It may have taken nine months of political limbo, but Iraq finally has a government. Unfortunately, no one knows quite how it will work. What compromises were made between prime minister Nouri al-Maliki and the various factions remain unclear. The outside world will remain in the dark until parliamentary debates begin hinting at the deals struck.
Compromises made between Nouri al-Maliki and the various factions remain unclear
Much of the focus over the past few months has been about how Baghdad can reconcile its differences with the Kurds. Perhaps just as important is the Shiite cleric, Moqtadr al-Sadr, who quietly returned to Iraq on 5 January after leading his party for three years from Iran.
His party won 43 seats in the March 2010 elections, more than any other single party. Al-Sadr had been one of the leading voices of opposition to international oil companies in Iraq. His support for Al-Maliki’s bid to retain the premiership has been critical, but his return highlights the continuing influence that Iran will wield over Baghdad.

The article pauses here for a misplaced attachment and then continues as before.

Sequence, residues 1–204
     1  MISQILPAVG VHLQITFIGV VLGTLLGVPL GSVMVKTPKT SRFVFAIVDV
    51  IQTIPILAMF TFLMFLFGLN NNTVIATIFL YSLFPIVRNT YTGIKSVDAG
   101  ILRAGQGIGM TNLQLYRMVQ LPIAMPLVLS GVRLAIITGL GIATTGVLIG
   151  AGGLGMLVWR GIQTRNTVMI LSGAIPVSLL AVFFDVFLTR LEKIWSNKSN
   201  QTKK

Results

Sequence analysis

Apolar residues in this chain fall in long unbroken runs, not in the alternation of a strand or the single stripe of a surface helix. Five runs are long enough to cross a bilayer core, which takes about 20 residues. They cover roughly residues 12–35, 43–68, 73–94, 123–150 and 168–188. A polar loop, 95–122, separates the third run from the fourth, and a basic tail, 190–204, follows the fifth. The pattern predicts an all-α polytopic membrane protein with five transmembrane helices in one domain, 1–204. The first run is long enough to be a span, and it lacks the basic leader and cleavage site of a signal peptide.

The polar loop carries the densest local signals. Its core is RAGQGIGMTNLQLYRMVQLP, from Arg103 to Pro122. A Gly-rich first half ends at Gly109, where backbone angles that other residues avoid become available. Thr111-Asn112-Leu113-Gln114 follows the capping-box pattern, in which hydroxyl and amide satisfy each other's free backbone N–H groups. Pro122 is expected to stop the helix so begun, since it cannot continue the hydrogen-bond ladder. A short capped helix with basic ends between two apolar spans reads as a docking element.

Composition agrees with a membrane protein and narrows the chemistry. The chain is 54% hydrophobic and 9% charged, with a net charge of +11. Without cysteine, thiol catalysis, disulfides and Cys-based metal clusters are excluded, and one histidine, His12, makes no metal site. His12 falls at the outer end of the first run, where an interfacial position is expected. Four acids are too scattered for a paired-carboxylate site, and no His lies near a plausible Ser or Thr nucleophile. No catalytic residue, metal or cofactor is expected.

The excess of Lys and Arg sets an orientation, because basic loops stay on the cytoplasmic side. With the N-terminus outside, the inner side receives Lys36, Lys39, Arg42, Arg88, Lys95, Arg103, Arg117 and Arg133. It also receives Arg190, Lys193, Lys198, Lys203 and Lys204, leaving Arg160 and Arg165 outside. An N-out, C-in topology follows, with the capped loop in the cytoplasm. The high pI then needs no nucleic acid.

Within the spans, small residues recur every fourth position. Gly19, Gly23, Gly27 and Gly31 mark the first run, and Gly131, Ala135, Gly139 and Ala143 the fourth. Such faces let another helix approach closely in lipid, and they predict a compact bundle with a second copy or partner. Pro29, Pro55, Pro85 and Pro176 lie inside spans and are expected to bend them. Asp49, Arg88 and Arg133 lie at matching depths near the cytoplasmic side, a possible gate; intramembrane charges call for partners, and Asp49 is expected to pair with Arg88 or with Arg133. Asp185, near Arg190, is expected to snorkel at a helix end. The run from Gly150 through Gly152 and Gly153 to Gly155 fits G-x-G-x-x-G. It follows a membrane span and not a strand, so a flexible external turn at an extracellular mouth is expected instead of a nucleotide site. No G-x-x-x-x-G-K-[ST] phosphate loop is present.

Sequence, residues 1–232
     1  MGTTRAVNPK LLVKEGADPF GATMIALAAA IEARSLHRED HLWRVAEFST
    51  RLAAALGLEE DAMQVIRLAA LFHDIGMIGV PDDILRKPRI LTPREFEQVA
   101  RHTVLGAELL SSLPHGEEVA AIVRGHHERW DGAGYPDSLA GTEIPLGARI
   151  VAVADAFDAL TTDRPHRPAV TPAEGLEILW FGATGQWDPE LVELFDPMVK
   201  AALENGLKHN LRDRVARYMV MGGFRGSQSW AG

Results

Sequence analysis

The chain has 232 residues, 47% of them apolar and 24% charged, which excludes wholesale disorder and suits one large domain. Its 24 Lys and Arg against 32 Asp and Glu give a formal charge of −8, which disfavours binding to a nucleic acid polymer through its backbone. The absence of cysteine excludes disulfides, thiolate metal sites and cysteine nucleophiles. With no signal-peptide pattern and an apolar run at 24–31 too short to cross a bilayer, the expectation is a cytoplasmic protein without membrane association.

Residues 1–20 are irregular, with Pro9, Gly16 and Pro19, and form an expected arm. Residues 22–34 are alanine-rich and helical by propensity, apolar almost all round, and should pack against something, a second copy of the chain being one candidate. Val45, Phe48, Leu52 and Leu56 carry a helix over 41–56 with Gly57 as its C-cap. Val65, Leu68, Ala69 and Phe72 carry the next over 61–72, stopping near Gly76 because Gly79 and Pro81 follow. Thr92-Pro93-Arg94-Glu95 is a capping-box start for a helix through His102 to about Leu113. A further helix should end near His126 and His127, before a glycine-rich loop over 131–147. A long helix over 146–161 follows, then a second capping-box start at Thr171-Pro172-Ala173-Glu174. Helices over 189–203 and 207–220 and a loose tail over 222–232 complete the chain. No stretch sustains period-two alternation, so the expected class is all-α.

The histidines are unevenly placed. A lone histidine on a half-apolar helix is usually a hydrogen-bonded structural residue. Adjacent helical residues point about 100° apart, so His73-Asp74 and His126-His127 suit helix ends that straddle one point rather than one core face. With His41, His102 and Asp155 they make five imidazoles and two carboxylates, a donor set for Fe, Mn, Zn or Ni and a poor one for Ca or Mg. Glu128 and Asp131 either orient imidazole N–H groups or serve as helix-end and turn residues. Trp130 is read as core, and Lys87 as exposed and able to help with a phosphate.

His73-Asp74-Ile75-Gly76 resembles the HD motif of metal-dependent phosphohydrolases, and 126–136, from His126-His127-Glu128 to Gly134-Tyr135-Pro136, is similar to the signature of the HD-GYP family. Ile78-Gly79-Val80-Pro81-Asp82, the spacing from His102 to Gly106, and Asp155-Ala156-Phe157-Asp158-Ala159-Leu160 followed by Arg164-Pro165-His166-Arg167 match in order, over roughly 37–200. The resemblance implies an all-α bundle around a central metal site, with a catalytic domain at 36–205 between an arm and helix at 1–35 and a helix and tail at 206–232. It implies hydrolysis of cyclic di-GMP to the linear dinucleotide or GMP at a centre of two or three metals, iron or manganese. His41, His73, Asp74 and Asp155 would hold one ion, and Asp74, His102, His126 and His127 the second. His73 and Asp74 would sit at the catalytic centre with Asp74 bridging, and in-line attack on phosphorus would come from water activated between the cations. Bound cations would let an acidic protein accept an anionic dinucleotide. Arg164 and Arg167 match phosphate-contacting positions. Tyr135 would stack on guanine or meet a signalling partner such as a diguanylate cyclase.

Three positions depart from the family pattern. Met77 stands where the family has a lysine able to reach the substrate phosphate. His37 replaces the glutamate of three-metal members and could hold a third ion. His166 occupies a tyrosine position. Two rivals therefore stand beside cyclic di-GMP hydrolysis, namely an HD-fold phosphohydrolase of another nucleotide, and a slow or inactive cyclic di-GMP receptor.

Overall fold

A review of Iraq’s 11 oil and gas contracts, Al-Maliki’s single biggest achievement from his first term, seems unlikely. From the inside of the government, Al-Sadr’s nationalist rhetoric could be diluted. The Oil Ministry is already talking about a fourth round.
Before this however, the new oil minister, Abdulkarim al-Luaibi has some major obstacles to overcome, the biggest of which is dealing with the Kurds. Here he will have to emerge from his predecessor’s shadow.
Hussain al-Shahristani won himself many plaudits for the way he handled Iraq’s three oil and gas field licensing rounds. But he also made enemies, particularly in the Kurdish north. Now as deputy prime minister for energy, Al-Shahristani is still expected to exercise considerable sway on oil policy. How this sits in such a fragile coalition will be critical to Iraq getting back on its feet.